Problem 1: low-skilled unemployment. Almost 4 million additional people in the UK’s labour market have been made redundant or furloughed since the end of 2019. Disproportionately young, and poorly educated, these people have tended to be particularly concentrated in hospitality, retail, and support service roles – jobs which may not return post-COVID. Moreover, they were already falling behind in their skills relative to those required in a much more automated, digitally driven future.
Problem 2: mental health crisis. Already prior to COVID-19, one in four adults and significant numbers of teenagers in the UK were suffering from a mental health problem. COVID-19 has hugely exacerbated this, from “milder” issues such as anxiety and depression, to severe conditions (see eg., rise in hospital beads for mental illness). The more insidious effects may not seen for decades: e.g., one of the biggest predictors of someone’s mental health is their mother’s mental health when they were children. Many, many more mothers will have been unwell during the crisis; and many, many children’s mental health will have been compromised due to school closures. This is a ticking time bomb, threatening the very prosperity that the country has spent so many decades buiding.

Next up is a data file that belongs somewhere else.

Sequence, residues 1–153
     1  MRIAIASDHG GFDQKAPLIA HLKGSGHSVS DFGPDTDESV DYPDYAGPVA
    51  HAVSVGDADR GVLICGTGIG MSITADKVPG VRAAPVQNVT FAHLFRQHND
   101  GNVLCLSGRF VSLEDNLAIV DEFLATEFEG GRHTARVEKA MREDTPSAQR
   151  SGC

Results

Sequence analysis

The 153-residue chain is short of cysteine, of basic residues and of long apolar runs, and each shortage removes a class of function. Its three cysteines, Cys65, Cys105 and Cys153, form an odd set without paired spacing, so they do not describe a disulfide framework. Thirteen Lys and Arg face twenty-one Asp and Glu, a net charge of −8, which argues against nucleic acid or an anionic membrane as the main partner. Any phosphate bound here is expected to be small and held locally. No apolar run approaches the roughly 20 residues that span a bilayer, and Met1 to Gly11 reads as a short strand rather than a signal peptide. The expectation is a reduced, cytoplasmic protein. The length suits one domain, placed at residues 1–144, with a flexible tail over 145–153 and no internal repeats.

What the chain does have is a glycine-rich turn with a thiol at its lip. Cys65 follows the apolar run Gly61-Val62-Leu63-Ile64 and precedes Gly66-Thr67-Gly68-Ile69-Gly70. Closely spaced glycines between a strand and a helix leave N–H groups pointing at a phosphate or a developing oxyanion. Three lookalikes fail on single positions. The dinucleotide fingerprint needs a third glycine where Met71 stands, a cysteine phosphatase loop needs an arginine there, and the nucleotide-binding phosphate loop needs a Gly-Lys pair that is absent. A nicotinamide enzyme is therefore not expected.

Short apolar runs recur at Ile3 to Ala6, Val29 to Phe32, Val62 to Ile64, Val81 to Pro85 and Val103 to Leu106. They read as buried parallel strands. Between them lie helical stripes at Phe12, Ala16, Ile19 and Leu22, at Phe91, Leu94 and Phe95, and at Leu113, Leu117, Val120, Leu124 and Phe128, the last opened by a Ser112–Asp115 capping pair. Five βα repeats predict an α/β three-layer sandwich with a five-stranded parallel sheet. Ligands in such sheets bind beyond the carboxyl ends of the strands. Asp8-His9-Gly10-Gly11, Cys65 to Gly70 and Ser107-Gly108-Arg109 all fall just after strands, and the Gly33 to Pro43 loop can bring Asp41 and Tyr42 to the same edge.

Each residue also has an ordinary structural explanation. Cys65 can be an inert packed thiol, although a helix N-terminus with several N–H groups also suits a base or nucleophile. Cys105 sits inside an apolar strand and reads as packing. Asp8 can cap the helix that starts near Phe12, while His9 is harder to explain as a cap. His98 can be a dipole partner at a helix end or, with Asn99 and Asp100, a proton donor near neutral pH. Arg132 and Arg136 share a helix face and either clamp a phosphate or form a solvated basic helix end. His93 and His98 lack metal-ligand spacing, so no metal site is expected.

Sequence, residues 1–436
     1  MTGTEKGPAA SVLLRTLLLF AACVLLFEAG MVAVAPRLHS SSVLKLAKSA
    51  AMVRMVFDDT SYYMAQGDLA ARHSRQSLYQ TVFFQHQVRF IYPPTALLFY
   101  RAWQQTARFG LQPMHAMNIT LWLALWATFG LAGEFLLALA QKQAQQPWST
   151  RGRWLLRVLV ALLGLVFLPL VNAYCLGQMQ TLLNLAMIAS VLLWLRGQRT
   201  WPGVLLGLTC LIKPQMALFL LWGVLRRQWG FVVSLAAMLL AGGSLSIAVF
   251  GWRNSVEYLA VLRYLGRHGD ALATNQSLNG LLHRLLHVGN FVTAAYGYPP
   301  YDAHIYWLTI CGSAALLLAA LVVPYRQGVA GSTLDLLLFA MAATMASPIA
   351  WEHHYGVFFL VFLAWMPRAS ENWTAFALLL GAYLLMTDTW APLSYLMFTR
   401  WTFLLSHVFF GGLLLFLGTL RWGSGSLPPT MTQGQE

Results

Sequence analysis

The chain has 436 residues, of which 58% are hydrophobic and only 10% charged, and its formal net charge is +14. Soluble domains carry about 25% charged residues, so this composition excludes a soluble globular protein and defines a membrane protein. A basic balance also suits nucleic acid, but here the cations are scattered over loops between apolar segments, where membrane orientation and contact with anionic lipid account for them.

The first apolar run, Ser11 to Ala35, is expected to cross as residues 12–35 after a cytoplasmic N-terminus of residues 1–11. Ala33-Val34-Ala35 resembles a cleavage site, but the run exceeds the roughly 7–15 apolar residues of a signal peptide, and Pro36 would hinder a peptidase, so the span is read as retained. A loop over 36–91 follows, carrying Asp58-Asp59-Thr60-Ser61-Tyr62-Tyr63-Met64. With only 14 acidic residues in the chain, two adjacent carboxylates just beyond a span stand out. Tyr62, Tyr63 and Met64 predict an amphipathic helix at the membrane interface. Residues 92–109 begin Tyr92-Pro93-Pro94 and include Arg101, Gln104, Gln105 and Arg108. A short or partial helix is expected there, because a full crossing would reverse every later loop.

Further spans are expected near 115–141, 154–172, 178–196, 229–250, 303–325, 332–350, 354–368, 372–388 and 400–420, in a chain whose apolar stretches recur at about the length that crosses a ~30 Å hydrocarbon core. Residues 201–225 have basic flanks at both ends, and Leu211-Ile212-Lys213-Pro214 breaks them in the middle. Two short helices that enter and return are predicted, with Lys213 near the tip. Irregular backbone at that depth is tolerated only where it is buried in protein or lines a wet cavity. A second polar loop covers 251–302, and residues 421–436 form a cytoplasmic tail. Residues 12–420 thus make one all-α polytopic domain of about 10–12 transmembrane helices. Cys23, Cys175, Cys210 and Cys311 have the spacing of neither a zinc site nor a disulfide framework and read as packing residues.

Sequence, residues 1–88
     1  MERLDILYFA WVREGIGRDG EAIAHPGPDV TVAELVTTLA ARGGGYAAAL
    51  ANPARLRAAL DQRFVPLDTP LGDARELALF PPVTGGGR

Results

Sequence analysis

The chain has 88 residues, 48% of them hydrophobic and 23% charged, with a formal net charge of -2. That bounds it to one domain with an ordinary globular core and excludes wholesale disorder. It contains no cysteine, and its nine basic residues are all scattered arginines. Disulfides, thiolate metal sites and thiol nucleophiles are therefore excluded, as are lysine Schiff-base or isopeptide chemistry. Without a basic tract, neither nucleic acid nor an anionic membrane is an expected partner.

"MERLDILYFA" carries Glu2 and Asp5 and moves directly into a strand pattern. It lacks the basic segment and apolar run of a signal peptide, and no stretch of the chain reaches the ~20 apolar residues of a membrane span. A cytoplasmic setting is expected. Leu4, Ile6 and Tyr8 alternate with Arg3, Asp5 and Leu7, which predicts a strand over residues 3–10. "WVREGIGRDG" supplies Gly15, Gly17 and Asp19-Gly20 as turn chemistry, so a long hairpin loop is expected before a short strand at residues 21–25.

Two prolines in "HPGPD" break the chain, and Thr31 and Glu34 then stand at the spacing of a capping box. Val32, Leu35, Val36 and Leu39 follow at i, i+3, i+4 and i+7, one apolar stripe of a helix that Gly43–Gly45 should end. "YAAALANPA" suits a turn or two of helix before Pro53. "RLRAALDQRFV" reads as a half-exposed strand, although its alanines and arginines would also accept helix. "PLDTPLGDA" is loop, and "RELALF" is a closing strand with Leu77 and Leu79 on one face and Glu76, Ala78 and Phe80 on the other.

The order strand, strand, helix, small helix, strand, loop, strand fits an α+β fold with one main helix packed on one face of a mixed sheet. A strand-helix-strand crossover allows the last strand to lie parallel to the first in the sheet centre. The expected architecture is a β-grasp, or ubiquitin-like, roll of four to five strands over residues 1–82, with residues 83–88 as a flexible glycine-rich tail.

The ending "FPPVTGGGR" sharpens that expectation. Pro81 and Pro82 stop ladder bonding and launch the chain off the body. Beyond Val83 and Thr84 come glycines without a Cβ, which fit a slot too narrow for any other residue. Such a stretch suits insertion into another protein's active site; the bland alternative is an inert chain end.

Problem 3. At the same time, there are huge staff shortages – current and projected – in our healthcare, social care and education sectors. COVID-19, and the health problems mentioned above, have made the need for staff more urgent. All projections show that, with an ageing population and growing need for reskilling and upskilling, the number of jobs in these sectors will continue to grow.
This is a life-time opportunity to create meaningful work for people who for whatever reason left school at 16 (around 25% of UK workforce), AND supply the resources needed to keep the nation happy and healthy.